Analysis of the Robert Browning's Poem 'My Last Duchess'

A Dramatic Monologue

Robert Browning

 

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Robert Browning was a prolific poet and at times his poetry drew a stark contrast to that of his famous wife Elizabeth Barrett Browning, who was a rather gentle poet. A perfect example is his dramatic monologue, "My Last Duchess," which is a dark and daring portrait of a domineering man.

The misogynistic character of the poem is a severe contrast to Browning himself who—while writing in the persona of men like the duke, who dominated (and barely loved) their wives—penned endearing love poems to his own Elizabeth.

Browning exercises what John Keats referred to as negative capability: an artist's capacity to lose himself in his characters, revealing nothing of his own personality, political views, or philosophies. 

Though written in 1842, "My Last Duchess" is set in the 16th century. And yet, it speaks volumes of the treatment of women in the Victorian time of the Brownings. To critique the oppressive, male-dominated society of his age, Browning often gave voice to villainous characters, each representing the antithesis of his worldview.

Dramatic Monologue

What sets this poem apart from many others is that it is a dramatic monologue—a type of poem in which a character distinctly different from that of the poet is speaking to someone else.

Actually, some dramatic monologues feature speakers who talk to themselves, but the monologues with "silent characters," such as “My Last Duchess,” display more artistry, more theatrics in storytelling because they are not mere confessions (as is Browning’s "Porphyria's Lover"). Instead, readers can imagine a specific setting and detect action and reaction based on the hints given within the verse.

In "My Last Duchess," the dramatic monologue is directed at a courtier of a wealthy count, presumably one whose daughter the Duke is trying to marry. Before the poem even begins, the courtier has been escorted through the Duke's palace—probably through an art gallery filled with paintings and sculptures. The courtier has noticed the curtain which conceals a painting, and the Duke decides to treat his guest to a viewing of this very special portrait of his late wife.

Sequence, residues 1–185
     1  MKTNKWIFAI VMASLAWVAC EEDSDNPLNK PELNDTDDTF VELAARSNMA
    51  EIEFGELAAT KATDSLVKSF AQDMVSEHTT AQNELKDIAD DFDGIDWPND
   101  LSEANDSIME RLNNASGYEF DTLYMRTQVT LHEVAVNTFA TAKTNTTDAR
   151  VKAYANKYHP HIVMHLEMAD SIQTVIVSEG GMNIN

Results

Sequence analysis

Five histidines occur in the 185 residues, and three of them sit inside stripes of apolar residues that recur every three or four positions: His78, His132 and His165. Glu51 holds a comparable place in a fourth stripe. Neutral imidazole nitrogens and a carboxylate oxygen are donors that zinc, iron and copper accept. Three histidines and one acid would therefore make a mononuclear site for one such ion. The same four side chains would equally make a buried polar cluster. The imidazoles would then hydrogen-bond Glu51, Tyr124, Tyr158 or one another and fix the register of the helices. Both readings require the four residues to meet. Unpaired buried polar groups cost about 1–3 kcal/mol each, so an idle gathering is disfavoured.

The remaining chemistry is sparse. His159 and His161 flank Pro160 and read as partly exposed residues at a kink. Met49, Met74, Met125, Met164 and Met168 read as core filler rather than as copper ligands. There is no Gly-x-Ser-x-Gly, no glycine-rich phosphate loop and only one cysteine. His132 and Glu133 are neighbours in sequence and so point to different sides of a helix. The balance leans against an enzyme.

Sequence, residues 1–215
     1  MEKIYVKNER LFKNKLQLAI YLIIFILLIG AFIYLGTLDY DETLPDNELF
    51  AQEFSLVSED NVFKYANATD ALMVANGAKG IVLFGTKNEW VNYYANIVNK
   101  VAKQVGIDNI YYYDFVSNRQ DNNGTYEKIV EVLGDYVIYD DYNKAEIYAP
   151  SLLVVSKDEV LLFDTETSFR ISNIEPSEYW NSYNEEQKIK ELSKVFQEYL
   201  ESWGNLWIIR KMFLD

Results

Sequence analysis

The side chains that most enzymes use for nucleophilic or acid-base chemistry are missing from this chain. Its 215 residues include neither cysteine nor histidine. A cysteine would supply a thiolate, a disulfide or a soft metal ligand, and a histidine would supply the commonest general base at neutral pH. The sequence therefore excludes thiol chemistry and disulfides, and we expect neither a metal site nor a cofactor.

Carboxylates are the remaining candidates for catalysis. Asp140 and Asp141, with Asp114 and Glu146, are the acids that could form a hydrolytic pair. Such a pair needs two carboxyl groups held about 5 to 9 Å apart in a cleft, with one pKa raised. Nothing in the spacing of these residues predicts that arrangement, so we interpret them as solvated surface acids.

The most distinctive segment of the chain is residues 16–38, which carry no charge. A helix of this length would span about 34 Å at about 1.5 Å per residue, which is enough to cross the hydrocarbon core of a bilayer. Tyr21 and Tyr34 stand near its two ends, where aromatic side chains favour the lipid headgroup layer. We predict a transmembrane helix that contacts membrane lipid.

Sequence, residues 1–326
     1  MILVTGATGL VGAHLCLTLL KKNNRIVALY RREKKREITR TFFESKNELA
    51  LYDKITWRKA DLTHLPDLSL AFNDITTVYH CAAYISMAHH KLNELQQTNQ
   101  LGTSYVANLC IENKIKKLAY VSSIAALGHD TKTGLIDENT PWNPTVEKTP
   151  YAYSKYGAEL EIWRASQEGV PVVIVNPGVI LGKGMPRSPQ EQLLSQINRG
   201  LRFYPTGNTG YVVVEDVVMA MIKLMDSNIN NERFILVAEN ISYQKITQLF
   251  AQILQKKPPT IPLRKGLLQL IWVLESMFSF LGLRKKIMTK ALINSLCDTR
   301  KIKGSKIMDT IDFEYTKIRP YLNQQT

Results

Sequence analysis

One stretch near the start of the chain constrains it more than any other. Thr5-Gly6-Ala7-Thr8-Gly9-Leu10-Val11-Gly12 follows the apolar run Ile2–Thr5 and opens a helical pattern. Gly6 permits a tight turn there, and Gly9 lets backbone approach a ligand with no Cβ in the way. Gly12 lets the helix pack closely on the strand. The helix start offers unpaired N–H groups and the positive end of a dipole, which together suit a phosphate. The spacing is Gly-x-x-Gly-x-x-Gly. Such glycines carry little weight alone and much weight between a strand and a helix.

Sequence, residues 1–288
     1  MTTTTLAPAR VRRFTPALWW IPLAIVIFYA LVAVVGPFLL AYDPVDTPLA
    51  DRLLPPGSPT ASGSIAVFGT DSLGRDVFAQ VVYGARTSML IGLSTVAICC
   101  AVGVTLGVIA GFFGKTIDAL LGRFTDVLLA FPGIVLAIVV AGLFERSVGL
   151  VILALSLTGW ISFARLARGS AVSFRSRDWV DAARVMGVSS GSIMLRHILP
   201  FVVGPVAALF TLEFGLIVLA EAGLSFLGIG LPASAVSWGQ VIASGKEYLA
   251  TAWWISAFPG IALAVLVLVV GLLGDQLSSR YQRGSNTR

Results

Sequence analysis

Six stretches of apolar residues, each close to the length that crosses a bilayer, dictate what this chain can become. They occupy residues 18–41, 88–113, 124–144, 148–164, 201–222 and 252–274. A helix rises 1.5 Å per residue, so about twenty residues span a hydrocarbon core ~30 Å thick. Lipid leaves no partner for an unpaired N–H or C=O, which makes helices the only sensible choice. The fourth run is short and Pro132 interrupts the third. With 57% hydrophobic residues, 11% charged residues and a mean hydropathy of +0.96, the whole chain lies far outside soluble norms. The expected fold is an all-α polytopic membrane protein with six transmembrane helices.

The courtier is impressed, perhaps even mesmerized by the smile of the woman in the painting. Based on the Duke’s words, we can infer that the courtier asked what produced such an expression. That's when the dramatic monologue begins:

That's my last Duchess painted on the wall,
Looking as if she were alive. I call
That piece a wonder, now: Fra Pandolf's hands
Worked busily a day, and there she stands.
Will't please you sit and look at her? (lines 1-5)

The Duke behaves cordially enough, asking his guest if he would like to gaze at the painting—we are witnessing the speaker's public persona.

As the monologue continues, the Duke boasts about the fame of the painter: Fra Pandolf. "Fra" is a shortened version of friar, a holy member of the church, which might be an unusual first occupation for a painter.

The Duchess's Character

What the painting captures appears to be a watered-down version of the Duchess's joyfulness. While it is clear that the Duke doesn't approve of the "spot of joy" (lines 15-16) on her cheek, we aren't sure whether it is an addition fabricated by the friar or whether the Duchess did indeed blush during the painting session.

It is clear, however, that the Duke is pleased that his wife's smile has been preserved within the artwork. Yet, the painting appears to be the only place where the Duchess’ smile is allowed.

The Duke explains to his visitor that she would offer that beautiful smile to everyone, instead of reserving it exclusively for her husband. She appreciated nature, the kindness of others, animals, and the simple pleasures of everyday life, and this disgusts the Duke.

It seems the Duchess cared about her husband and often showed him that look of joy and love, but he feels that she "ranked / [his] gift of a nine-hundred-years-old name / With anybody's gift" (lines 32-34). She failed to sufficiently revere the name and family she married into.

The Duke might not reveal his explosive emotions to the courtier as they sit and look at the painting, but the reader can deduce that the Duchess's lack of worshipfulness infuriated her husband. He wanted to be the only person, the only object of her affection.

The Duke self-righteously continues his explanation of events, rationalizing that despite his disappointment it would have been beneath him to talk openly with his wife about his feelings of jealousy. He does not request, nor even demand that she alter her behavior because he finds that degrading: "E'en then would be some stooping; and I choose / Never to stoop" (lines 42-43).

He feels that communication with his own wife is beneath his class. Instead, he gives commands and "all smiles stopped together" (line 46). The reader can assume, however, that the duke does not give commands to her directly; to him, any instruction would be "stooping." 

The poem ends with the Duke leading the courtier to the rest of his party, reiterating that the Duke’s interest in the new lady is not only for her inheritance but also her own “self”—a great nod to the question of the speaker's reliability.

The final lines of the poem display the Duke showing off another of his artistic acquisitions.